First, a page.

For example Bensky and Gamble’s 1993 Chinese Herbal Medicine Materia Medica, which is required reading in most Australian TCM schools, notes rhino horn’s use as a fever remedy.
The book lists buffalo horn as a substitute, but points out that as a refrigerant buffalo horn is only a fifth as potent as rhino horn.

Foundations of traditional Chinese medicine
It is interesting to note, the original Huang-ti Nei Ching Su Wen (The Yellow Emperor’s Classic of Internal Medicine), which is generally considered the first discussion of Chinese Medicine, doesn’t mention rhino horn.
The Nei Ching which dates back as far as 2600BC has remained for millennia the most important book on TCM in existence.
It emphasizes treatments like acupuncture, moxa or moxibustion and massage instead of surgery and barely touches on medicines.
No passage in the original Nei Ching discusses the use of wild animal parts as medicine, except for four poisonous animals including the snake, centipede and scorpion. Instead it focuses on a philosophical system that includes man, heaven and earth, the Tao and its two constituents Yin and Yang, the flow of energy called Chi and the theory of the five elements.
In a commentary added by Wang Ping to the Nei Ching, in 762AD over 3000 years after the original was written, medicines made with wild animal parts were said to “attack evil influences”.
One of the earliest Chinese texts that deals with medicine made from wild animal parts was written during the Han Dynasty (206 BC to AD 220). The Divine Husbandsman’s Classic of the Materia Medica (Shen nong ben cao jing) contained 67 zoological entries.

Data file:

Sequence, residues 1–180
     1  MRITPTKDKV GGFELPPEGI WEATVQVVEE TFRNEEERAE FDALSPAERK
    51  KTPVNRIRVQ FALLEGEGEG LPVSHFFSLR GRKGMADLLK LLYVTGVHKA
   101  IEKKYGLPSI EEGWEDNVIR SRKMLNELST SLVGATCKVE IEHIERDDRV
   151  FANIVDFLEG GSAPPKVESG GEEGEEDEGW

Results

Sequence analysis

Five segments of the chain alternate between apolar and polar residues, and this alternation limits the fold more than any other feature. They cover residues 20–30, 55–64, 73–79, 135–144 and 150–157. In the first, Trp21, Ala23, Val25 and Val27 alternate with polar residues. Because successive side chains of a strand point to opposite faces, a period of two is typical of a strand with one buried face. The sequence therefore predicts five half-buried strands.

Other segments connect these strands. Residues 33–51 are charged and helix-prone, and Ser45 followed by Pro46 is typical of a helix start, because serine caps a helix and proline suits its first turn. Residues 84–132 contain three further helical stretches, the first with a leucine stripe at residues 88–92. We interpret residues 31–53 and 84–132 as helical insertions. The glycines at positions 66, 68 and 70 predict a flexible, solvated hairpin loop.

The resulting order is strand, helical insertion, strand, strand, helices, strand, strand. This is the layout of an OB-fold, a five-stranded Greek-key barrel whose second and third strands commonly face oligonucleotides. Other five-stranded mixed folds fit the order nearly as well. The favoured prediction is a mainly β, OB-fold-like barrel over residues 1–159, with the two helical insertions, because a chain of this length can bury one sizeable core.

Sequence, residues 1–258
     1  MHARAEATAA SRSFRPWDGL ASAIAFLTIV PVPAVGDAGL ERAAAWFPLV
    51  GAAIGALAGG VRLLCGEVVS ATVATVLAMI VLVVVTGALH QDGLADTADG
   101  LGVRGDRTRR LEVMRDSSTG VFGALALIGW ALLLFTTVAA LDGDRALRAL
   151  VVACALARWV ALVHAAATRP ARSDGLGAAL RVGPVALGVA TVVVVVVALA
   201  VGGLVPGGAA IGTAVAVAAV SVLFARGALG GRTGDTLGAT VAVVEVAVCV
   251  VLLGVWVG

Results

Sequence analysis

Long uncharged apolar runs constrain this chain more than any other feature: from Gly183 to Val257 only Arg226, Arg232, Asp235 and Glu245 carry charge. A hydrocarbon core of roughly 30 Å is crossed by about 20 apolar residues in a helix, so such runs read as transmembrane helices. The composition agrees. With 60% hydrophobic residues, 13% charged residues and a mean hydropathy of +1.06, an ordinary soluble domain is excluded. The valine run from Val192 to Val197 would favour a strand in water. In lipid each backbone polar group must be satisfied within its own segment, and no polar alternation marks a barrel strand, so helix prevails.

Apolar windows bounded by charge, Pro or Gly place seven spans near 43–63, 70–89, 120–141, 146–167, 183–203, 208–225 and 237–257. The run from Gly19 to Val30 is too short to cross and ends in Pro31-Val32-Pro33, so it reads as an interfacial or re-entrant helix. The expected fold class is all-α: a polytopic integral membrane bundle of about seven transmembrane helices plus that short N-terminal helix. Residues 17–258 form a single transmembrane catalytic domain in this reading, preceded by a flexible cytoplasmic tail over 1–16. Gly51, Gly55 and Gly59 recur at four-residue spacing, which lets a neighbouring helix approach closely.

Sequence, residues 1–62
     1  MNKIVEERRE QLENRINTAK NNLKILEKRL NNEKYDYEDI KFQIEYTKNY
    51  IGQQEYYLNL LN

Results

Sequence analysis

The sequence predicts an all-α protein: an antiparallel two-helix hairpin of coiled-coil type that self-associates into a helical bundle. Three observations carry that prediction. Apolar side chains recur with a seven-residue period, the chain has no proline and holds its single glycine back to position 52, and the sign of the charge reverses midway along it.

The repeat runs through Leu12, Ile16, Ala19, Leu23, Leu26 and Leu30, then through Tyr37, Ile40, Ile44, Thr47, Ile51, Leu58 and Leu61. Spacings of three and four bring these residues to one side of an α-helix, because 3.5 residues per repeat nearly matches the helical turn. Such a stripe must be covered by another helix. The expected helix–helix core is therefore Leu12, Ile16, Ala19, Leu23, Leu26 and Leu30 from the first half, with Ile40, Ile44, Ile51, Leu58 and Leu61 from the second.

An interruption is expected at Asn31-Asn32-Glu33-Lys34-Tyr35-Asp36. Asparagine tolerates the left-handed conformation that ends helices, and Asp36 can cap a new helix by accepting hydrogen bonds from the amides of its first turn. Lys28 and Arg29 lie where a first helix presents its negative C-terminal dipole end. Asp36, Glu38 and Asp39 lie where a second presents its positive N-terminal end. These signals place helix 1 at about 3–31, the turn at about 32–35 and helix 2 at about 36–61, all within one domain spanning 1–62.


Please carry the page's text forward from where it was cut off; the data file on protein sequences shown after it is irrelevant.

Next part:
Ellis cites the panacea-like claims of rhino horn in Bernard Reid’s 1931 translation of Li Shih-chen’s 1597 Pen Ts’ ao Kang Mu. The claims are so specific they would be easy to test.
“It should not be taken by pregnant women; it will kill the foetus. As an antidote to poisons. To cure devil possession and keep away evil spirits and miasmas. For gelsemium [jasmine] and snake poisoning. To remove hallucinations and bewitching nightmares. Continuous administration lightens the body and makes one very robust. For typhoid, headache and feverish colds. To expel fear and anxiety to calm the liver and clear the vision… It dissolves phlegm…”
The Nei Ching states health and longevity is the result of living according to “The Way” or “The Tao” – which derives from a complex balance of Yin and Yang.
By balancing Yin and Yang, the basis of TCM is preventative rather than curative similar to the growing trend of lifestyle medicine and complimentary medicine in Australia now.
“The ancient sages did not treat those who were already ill, they instructed those who were not ill,” the Nei Ching says.
“Those who follow the Tao achieve the formula of perpetual youth and maintain a youthful body. Although they are old in years they are still able to produce offspring.”
The reasons for the many people’s preference for TCM in Vietnam and China include:
•Its proven efficacy in many areas (Ellis presents an excellent case study for the effectiveness of the TCM herb, qinghao, for malaria and points out that a third of US citizens prefer alternative medicine such as TCM)
•Confucius the founder of one of the major religions in China and Vietnam, Confucianism, forbade any violation of the human body, leaving surgery only as a last resort in TCM.
•In most Asiatic countries modern scientific medicine has not penetrated very deeply because of a lack of facilities and the foreignness of scientific medicine to the majority of the people. Universal access to good services does not exist, whereas access to traditional medicine is much more available.